re: "Buying boots. The challenge of expanding U.S. land forces."
"Although this is shameful for a nation as wealthy as the U.S., it is simply a fact that our political class does not think or act as though we are at war; yes, they are at war with one another, but not so much with our foreign enemies."
"Imposing "normal" budgetary procedures in a wartime environment may not be so wise."
"In recent years, the size of the active-duty Army — that is, regulars plus reservists and guardsmen called to active service — has consistently hovered between 600,000 and 625,000; the total number of Marines is less than 200,000. That's a pretty good measure of what it takes to sustain the level of effort demanded by the current strategy for Iraq, Afghanistan and other fronts in the Long War; by that measure, Gates' goal of 547,000 for the active Army is far too few. But if one thinks that the current strategy reflects an on-the-cheap approach to irregular warfare, these numbers would be too small. A better-educated guess at an Army able to sustain multiple Long War engagements — a 21st-century reckoning of the "two-and-a-half war" calculus that formed the basis of Cold War defense planning — would call for an active end strength of about 750,000. It would also begin to restore the Army National Guard to its traditional role as a strategic reserve; the current experiment in employing the National Guard as an "operational reserve" — that is, in sustaining Iraq rotations — has been an additional complicating factor in Long War strategy-making. The nature of the mission, a long-duration, constabulary-style, cavalry-on-the-frontier effort, calls first for a long-service, regular force."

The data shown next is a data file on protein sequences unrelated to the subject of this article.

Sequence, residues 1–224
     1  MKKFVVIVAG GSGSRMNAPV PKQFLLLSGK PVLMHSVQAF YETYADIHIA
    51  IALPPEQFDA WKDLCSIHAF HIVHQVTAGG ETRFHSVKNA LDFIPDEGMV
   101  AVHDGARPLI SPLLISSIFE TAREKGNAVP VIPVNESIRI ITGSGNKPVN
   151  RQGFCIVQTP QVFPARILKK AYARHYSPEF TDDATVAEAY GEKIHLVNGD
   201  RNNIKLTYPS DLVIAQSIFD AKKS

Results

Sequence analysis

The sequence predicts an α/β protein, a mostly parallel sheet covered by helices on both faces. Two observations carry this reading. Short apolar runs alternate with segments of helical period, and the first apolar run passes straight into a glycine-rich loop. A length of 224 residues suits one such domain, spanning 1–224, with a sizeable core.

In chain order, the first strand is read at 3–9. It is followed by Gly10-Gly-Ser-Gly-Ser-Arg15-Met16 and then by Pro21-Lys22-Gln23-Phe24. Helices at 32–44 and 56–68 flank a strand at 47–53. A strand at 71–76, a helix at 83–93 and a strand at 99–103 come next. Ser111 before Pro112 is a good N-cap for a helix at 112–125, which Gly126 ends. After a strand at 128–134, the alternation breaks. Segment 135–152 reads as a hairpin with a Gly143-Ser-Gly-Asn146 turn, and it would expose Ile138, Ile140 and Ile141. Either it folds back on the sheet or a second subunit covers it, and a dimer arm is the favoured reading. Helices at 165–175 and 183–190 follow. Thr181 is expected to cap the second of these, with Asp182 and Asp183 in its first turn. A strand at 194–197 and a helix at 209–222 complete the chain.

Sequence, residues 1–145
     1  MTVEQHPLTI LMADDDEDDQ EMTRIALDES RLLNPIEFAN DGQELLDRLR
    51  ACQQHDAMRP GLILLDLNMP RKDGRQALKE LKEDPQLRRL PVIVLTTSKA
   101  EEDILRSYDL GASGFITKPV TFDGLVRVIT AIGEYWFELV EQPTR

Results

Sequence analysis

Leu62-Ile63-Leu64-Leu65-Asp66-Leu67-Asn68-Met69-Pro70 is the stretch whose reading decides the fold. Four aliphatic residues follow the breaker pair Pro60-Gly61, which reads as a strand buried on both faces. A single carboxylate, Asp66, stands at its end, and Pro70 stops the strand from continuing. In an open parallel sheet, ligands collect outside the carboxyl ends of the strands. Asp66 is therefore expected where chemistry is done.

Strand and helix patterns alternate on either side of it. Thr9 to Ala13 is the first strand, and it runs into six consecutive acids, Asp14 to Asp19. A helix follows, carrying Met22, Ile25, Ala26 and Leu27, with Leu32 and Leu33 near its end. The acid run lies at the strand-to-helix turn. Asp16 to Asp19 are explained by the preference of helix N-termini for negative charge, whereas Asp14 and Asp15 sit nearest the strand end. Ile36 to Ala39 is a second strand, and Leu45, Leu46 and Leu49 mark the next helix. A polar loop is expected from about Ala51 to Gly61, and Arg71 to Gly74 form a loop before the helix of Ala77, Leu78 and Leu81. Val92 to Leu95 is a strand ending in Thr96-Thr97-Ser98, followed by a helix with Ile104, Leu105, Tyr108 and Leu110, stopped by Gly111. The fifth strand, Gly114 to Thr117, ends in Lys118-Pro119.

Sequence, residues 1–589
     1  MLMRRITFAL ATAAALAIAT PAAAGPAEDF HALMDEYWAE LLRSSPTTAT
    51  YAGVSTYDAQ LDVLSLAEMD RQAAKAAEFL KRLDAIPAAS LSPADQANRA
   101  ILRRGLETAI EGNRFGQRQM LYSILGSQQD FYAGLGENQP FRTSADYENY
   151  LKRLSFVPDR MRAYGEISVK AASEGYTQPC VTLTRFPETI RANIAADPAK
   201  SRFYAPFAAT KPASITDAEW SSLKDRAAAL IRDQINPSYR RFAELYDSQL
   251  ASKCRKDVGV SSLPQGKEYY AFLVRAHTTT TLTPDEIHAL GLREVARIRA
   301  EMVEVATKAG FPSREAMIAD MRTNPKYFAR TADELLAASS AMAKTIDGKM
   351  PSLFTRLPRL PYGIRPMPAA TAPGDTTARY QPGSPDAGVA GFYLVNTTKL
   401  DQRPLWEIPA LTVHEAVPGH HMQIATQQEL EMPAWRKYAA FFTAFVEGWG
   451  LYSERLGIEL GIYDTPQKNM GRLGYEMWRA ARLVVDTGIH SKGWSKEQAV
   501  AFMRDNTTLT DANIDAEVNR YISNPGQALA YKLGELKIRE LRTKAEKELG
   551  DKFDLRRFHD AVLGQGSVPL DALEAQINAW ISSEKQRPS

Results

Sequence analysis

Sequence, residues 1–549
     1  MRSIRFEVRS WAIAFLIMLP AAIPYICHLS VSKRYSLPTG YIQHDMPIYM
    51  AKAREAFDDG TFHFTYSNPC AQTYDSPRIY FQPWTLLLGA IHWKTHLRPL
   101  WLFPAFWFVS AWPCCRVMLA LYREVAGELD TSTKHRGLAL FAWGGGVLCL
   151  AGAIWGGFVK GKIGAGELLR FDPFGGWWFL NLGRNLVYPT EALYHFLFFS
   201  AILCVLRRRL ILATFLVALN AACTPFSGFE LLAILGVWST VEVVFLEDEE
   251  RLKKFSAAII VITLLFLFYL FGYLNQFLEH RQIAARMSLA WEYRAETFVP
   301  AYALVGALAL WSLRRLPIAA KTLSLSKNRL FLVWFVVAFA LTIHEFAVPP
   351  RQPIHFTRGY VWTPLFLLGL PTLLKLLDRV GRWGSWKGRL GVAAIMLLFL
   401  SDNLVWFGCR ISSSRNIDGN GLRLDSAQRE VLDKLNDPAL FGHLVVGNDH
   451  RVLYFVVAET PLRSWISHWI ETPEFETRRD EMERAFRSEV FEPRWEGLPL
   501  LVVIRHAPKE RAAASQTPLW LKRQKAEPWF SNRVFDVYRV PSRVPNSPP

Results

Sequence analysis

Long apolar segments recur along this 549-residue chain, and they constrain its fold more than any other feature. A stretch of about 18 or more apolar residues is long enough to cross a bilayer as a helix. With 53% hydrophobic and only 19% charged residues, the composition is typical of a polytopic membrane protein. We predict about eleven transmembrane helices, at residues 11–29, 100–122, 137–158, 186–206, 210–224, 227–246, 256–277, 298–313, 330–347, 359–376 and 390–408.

"(T)hey also are numbers that require nearly a decade to achieve. What was taken apart so quickly and easily in the 1990s will not easily be put back together. The Army argues that it cannot accommodate more than an additional 30,000 soldiers per year given the small size of its training base. Although an expansion program should be designed to increase this capacity — a force of 750,000 would probably require recruiting 90,000 to 100,000 soldiers per year — a sufficient Army growth program will demand a sustained effort and a long recruiting war."